Like a mouse set down in a maze, we are constantly learning new things—about our world, our relationships, and ourselves—as we advance through week five of sequestering in place as a result of the pandemic. Not least among these revelations are likely some candid appraisals of our coping skills.
For example, one could hope that acceptance of quarantine and social distancing limitations might increase enough to hold some sway over our mental, spiritual and physical bandwidth as the days and weeks wore on, with a proportionate decrease in restlessness. And if we were actually incarcerated, locked away under the watchful supervision of our jailers with no say in our schedules or our movements, that would likely be the case. No option other than acceptance would be viable; we would have no choice but to accept that reality.
The reality of the pandemic, though, is that we are not being forcibly physically restrained; our acceptance of isolation and social distancing—for both our own safety and the greater good—is a choice we get to make, if we are responsible. And because it’s our choice, as long as we and our families or other cellmates are healthy and the curve appears to be flattening, it seems that acceptance starts to give way all too easily to different types of denial and our restlessness can only ramp up as a result.
Best to keep in mind what the most authoritative voices and statistical evidence are telling us: what we are doing is, blessedly, starting to work, but it can all go haywire in a heartbeat unless we commit to staying the course until some of the fog of pandemic starts to clear. Acceptance may not be all, but it’s a necessary place to start.
Another lesson of our current reality comes from the ways that we are managing to connect as we come together by staying apart. Teleconferencing and virtual meetings are, to use the parlance of pandemic, essential for health care professionals, scientists, and government officials taking on the coronavirus—not to mention the civil servants, journalists, public and private businesses, nonprofit relief and cultural arts organizations, and all the individuals who are trying to keep the wheels turning while the world collectively presses Pause.
For families and friends and lovers, meanwhile, the virtual meeting places like Zoom and Google Hangout are likewise proving essential, not only to maintain a sense of togetherness across a few city blocks or thousands of miles, but to lessen anxiety about the well-being of others, and to ward off loneliness, the effects of which can be as debilitating as any infection.
But here’s the thing. Just like a pair of teenage lovers on a long distance call back in the day—“You hang up” … “No, you hang up”—many of us have come to dread the end of a session. It is such an unqualified blessing and a source of joy and relief to be able to see and hear and converse with people we care about, to confirm that our connection to them is still vibrant and alive. But, sadly, when the session ends, by choice of the participants or jarringly because of time limits, it can precipitate an emotional shock and endorphin crash.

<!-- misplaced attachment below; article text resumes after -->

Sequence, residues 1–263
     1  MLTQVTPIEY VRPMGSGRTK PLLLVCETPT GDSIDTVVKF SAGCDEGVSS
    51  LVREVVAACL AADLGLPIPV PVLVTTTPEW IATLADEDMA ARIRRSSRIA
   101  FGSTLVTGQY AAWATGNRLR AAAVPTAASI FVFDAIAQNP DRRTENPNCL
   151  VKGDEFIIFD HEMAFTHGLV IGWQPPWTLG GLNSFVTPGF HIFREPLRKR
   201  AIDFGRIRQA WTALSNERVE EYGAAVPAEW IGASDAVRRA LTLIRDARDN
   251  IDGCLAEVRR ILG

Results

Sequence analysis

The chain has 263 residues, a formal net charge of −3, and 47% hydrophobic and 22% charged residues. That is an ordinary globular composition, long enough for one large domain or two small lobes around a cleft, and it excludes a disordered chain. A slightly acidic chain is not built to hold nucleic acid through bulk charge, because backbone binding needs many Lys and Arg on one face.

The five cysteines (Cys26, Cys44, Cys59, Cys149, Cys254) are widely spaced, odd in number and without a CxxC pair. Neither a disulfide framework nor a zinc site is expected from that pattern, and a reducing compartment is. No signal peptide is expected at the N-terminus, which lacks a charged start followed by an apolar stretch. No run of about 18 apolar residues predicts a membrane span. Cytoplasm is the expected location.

We are never so clearly reminded of how far apart we are as when, out of our isolation, the miracles of technology have allowed us, only too briefly, to come together.
And so it goes in the time of the novel coronavirus today.
On the Local Front
Herewith the weekly reminder to continue to check the Village of Quogue website (www.villageofquogueny.gov), both for updates on the home page about state, county and village resources in response to the coronavirus pandemic as well as news and notes on the Announcements page.
Apologies to those who are on the Village email list or who have already checked the Announcements page, but At Quaquanantuck believes it is important to share Mayor Peter Sartorius’s latest email advisory to village residents:
“Per an order issued by the Governor, effective tonight, April 15, at 8 p.m., employees of all essential business or entities who are present in the workplace shall be provided and shall wear face coverings when in direct contact with customers or members of the public. Businesses must provide, at their expense, face coverings for their employees.
“Per guidance issued by the NY Department of Health, face coverings include, but are not limited to, cloth (e.g. homemade sewn, quick cut, bandana), surgical masks, N-95 respirators, and face shields. Of course, surgical masks, N-95 respirators and face shields continue to be in short supply and their use should be reserved for healthcare workers and first responders.